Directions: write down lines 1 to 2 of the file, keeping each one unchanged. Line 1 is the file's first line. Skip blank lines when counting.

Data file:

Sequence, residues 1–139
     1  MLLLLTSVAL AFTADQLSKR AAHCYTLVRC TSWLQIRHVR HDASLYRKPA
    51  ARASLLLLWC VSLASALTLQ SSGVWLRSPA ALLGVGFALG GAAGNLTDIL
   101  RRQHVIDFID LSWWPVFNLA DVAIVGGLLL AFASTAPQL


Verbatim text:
Sequence, residues 1–139
     1  MLLLLTSVAL AFTADQLSKR AAHCYTLVRC TSWLQIRHVR HDASLYRKPA